G I Pathology
Whipple´s Disease
St Mark´s
St Mark´s Hospital, London


In 1854 on St. Mark´s day, the 25th April, the “St. Marks´s Hospital for Fistula and other Diseases of the Rectum” was opened at City Road in London in a dedicated new building with 25 beds. Within the next decades, the speciality of colo-proctology was developed by Frederick Salmon and other surgeons at St Mark´s. In 1897, a first extension to the Hospital was built. After the first world war a decision was taken for a second expansion, up to 93 beds, and “cancer” was added to the Hospital´s title.

In 1922, GastroIntestinal Pathology was established at St Mark´s Hospital in London with the appointment of Cuthbert Dukes. Research became an integral part of the hospital´s work. All surgical specimen of rectal cancer were carefully dissected. With the support of HJ Richard Bussey (since 1924), Dukes became a pioneer in staging the spread of rectal cancer: until today, the “Dukes´staging” is popular.

From 1956, Basil Morson has developed Gastrointestinal Pathology as a new subspeciality. In 1972, Morson and Dawson published the first textbook in this field. After his retirement  he was succeeded by Jeremy Jass (from 1986-1990) and Ian Talbot (from 1990).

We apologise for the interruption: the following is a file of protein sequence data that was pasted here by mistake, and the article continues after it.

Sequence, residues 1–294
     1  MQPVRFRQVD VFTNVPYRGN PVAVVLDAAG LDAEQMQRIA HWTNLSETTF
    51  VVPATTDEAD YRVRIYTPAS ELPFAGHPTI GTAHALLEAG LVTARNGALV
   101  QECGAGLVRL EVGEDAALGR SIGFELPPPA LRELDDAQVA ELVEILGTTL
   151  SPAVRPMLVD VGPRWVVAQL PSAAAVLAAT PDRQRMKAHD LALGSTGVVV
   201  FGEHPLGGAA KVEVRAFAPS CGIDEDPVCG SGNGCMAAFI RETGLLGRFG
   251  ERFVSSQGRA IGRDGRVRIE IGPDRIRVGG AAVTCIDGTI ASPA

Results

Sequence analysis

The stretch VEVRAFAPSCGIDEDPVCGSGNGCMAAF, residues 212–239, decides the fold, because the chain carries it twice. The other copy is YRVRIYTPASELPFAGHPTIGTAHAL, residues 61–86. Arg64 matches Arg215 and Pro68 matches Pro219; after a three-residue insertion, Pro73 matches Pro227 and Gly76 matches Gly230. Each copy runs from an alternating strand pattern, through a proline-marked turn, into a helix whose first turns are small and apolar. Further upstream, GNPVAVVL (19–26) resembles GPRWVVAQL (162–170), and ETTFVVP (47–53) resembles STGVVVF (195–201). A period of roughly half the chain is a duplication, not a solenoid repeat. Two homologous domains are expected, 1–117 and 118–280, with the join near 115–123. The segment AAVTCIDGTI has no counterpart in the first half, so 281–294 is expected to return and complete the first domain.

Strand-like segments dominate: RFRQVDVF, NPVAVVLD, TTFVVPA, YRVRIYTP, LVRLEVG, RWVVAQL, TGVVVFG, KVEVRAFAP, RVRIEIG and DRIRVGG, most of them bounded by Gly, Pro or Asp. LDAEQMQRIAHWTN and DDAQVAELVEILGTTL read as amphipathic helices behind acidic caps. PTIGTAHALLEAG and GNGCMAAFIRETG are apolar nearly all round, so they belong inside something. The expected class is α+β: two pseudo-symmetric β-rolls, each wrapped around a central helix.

In 1995, St Mark´s Hospital moved from its time honoured building in East London to Harrow in NorthWest London. There  the former St Mark´s Department of G I Pathology has been merged with the Department of Cellular Pathology of the NorthWest London Hospitals NHS Trust. Ian Talbot teamed up with Ashley Price. They both retired in 2004.

From June 2004 to December 2005, Thomas Günther and me, Axel von Herbay, have continued the distinguished tradition of G I Pathology at St Mark´s Hospital in London.


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This photo: (C) Axel von Herbay Ex libris Axel von Herbay
Ex libris Axel von Herbay